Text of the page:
Monday, July 2, 2012

Free-Motion Quilting - Pass/Fail

 After completing the Skill Builder Sampler I was feeling brave and wanted to try my hand at free-motion quilting.  I was quite determined as you will discover in this post it was a real pass/fail kind of experience.  I had a few blocks left over from the sampler and an bit of extra batting lying around so I figured what better way to use my skill builder sampler blocks then to build a new skill doing free-motion quilting.  I'd heard a few things about it but didn't really know much.  I knew that you needed to lower the feed dogs and that you guide the quilt around with your hands to make shapes/designs.  I'd vaguely remember that you needed a special foot for this but I thought, "how much could that really matter?"  HAHAHA!  Read on for my adventure!

Here I'm all ready to go with my Improv House (Block #12) a bit of cotton batting and some backing that perfectly matches the body for my house.  This fabric is all from a quilt I made about 10ish years ago so I'm pretty happy I had enough to finish the mini.

Now we get to the really laughable part!  With my regular pressure foot and my feed dogs down my quilt would not move!  It was pinned by the foot in place.  With the foot up the needle would pick up the fabric and would make sloppy horrible stitches.  It was a mess.  Did that stop me?  No, but it probably should have.  I'm pretty stubborn so I used one hand to lift the foot up just a little so the fabric wasn't pinned but not wobbly either.  Then I used the other hand to move around the fabric (see the above picture).  It was pathetic.  At times I really needed my right hand so I'd wrap my left arm around the machine like a hug and lift the lever from the back.

I persevered and finished my 12" by 12" mini.  It's not perfect.  The grass is not consistent and there are parts in the meander that the thread caught but hey, look what I was working with!  I also learned that slower is not better for me.  I often would move my hands faster than the needle and ended up with some pretty large stitches.  When I sped up I noticed a lot more even stitches and it looked nicer.

Here's the front!  LOVE!  It's already been claimed by my cute kids to wrap up babies and stuffed animals.  They don't care that it's not perfect and it was fun practice.

Here's What I Learned:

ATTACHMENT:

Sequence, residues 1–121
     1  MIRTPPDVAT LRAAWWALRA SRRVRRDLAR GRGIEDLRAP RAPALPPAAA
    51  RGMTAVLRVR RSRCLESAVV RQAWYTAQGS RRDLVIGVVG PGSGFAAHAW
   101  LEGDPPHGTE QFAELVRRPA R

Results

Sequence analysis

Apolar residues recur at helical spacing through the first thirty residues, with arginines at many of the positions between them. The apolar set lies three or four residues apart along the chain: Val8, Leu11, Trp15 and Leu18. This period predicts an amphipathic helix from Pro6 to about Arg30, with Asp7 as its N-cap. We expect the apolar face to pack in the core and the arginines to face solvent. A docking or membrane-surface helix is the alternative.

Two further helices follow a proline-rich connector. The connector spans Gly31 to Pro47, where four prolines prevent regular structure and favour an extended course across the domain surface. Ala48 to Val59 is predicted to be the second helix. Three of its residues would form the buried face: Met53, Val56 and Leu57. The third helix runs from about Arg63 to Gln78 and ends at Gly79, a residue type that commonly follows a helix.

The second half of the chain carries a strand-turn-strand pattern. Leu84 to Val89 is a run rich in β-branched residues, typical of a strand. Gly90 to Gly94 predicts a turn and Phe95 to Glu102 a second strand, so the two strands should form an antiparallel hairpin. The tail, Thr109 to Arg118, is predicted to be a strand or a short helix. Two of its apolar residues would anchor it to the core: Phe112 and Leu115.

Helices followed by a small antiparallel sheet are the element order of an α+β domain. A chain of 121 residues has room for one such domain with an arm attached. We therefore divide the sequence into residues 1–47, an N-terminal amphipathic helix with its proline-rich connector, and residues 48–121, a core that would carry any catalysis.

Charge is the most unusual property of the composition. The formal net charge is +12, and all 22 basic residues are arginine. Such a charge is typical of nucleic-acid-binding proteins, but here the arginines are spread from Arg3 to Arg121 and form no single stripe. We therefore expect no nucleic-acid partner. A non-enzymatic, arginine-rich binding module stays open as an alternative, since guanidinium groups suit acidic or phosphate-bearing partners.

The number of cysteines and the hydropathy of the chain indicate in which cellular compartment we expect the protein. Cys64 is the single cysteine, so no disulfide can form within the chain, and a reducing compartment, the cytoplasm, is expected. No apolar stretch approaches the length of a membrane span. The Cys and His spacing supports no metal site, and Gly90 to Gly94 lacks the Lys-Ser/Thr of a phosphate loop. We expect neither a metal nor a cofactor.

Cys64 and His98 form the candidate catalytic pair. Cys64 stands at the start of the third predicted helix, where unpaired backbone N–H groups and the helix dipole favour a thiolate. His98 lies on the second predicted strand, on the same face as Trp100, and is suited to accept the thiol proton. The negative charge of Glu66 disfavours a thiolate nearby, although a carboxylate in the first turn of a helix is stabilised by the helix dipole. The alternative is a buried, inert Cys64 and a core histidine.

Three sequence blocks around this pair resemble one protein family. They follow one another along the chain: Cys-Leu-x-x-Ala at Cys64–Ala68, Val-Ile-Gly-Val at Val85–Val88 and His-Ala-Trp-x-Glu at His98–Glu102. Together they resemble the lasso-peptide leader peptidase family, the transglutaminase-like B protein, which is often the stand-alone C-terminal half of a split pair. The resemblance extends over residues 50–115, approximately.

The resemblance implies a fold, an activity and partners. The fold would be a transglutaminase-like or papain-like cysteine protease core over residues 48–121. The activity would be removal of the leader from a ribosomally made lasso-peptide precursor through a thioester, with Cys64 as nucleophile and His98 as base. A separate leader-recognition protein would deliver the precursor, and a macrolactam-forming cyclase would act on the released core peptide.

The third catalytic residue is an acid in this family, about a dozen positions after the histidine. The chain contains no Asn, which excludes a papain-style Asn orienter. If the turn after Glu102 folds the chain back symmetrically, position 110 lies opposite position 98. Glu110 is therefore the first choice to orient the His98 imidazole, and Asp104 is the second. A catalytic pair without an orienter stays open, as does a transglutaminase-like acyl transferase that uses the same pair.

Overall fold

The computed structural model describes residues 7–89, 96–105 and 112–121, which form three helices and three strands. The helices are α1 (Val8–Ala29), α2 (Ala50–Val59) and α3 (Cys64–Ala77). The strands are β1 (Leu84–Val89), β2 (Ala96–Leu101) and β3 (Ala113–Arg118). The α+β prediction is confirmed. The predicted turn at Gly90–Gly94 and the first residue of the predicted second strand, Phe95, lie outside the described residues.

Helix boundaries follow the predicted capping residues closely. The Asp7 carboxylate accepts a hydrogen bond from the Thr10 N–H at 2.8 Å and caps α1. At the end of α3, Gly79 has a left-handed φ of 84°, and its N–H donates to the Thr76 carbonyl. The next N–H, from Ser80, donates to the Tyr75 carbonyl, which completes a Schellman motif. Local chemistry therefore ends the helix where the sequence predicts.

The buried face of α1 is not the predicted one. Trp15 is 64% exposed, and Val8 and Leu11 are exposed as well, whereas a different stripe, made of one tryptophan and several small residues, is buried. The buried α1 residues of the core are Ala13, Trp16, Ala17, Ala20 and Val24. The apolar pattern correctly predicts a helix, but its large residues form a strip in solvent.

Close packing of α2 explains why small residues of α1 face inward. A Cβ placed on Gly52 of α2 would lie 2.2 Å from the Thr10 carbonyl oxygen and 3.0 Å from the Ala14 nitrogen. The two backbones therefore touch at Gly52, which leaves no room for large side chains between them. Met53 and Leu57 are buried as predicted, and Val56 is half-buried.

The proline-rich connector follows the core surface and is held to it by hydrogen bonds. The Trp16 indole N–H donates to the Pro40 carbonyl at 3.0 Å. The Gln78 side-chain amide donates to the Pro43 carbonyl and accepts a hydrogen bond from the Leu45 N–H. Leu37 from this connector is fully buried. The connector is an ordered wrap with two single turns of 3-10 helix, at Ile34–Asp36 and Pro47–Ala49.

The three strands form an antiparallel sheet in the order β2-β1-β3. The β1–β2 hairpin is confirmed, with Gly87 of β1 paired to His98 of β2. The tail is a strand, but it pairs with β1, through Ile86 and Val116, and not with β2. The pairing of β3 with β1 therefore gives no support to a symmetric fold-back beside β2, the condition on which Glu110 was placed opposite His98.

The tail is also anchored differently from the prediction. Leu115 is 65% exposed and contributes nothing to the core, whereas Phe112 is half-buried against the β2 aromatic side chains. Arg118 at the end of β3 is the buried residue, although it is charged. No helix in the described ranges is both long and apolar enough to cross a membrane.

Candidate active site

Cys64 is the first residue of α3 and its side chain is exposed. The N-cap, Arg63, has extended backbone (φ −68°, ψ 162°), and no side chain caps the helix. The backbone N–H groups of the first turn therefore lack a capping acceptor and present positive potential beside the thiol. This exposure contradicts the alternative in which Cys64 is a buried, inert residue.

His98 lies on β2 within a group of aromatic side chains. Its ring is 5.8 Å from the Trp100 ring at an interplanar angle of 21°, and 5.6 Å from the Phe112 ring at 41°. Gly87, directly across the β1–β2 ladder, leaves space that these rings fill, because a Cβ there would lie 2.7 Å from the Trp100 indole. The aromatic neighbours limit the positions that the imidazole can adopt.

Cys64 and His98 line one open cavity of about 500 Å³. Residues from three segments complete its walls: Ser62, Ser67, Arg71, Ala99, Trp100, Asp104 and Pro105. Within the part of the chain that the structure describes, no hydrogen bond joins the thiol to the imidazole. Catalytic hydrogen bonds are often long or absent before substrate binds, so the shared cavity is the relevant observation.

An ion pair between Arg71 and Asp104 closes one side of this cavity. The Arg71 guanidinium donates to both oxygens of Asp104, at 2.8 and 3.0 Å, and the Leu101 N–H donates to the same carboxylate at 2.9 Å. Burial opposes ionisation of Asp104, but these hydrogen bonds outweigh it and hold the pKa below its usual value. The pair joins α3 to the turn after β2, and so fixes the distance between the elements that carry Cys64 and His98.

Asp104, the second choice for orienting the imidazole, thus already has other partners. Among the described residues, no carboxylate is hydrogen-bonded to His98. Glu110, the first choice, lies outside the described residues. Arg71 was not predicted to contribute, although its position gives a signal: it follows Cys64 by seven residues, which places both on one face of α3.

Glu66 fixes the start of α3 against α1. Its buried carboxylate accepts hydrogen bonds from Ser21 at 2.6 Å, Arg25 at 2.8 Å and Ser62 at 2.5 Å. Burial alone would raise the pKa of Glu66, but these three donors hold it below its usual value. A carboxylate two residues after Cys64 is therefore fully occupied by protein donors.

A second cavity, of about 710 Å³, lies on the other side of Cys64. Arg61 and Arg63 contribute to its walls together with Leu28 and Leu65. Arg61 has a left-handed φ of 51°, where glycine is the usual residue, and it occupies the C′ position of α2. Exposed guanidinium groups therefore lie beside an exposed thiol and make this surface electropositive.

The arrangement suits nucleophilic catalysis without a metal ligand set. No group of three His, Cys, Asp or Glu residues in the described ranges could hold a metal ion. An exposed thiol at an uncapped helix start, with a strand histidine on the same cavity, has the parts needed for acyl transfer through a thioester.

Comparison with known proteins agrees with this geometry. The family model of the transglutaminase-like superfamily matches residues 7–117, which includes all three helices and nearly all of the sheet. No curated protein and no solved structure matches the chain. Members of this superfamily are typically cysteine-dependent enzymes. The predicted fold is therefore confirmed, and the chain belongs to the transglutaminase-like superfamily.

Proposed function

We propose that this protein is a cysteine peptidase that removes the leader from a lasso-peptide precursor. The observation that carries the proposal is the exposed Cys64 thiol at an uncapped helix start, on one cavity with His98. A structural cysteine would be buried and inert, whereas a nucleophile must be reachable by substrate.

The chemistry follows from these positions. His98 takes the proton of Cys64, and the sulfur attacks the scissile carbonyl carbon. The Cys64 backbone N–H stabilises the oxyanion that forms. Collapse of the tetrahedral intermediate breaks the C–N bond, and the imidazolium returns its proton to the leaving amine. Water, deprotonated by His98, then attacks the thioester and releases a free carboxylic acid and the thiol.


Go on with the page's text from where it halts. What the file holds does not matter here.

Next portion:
- I am involved with the Let's Get Acquainted Blog Hop (my day is September 13) from Plum and June.  There are many many fabulous bloggers a part of this and they have put together an email list for any questions we have we just shoot everyone on the hop an email and they help us out.  I got 11 responses to my quest for finding the perfect Free Motion Quilting foot.  Many of them were new to the skill too and wanted to know more.  Here's the skinny...

- You need a special foot, often called a darning foot!  It's spring loaded, that's the important part. That's the bit I was missing on my attempt.
- There are different kinds!  It's important to get one that fits your specific machine.  While it doesn't HAVE to be made by your same company it's probably a good idea.
- I have a Singer Confidence 7470 and it's a low shank vertical needle.  When looking for a foot I had to make sure it specified that it fit my model and was a fit for the type of machine it was.
- Metal is better than plastic!  - Nearly everyone I've ever read anything on has agreed with this.
- Open foot is nice so you can see where you're going and a great selling point but if they don't make one for your specific machine it's not the end of the world.
- Ebay is KING!  I got my foot for half of what Singer said it should sell for and that included shipping.  The seller is a Singer authorized retailer and listed my machine specifically (with only four others) that this foot fits.  Hurray!

One last thing...
SewCalGal is doing a Free Motion Quilting Challenge.  It started back in January and goes through December.  The idea is that you learn new skills and practice each month.  They have experts on the blog to teach you new things.  There are prizes and giveaways if you play along.  It seems like just the motivation I need to keep up.  Thanks Ginny from Fish Creek Studio for the heads up!


  1. Cool - thanks for the information! Looking forward to seeing your future FMQ projects.

  2. Thanks for the follow up post and sharing all the info you found on FMQ! Good luck on your next project!

  3. Yay! I'm glad you got it figured out -- I look forward to seeing what you can do with the right foot! I can't imagine doing this good a job with a regular presser foot (though I often leave my feed dogs up when FMQing) so I'm impressed :)

  4. Awesome post! Have fun with your new foot - FMQ is heaps of fun. Seriously. It's my favorite part of the quilt making process :o)

  5. Great post and I think that you did remarkably well with everything stacked against you. I would have been have given up and stomped away! And I move the fabric way faster than they tell you too as well, for me faster is better too.

  6. Oi thanks for the sum up - I was hoping people would reply to the list, but this way I had to read less individual mails...
    I will have a look on ebay - though I'm still trying to find out what new model my (very old) mchine is alike.

  7. You are making good discoveries RE: fmq. It'll be fun for you to try with the correct foot. haha. I give ya and A for effort! ;-)


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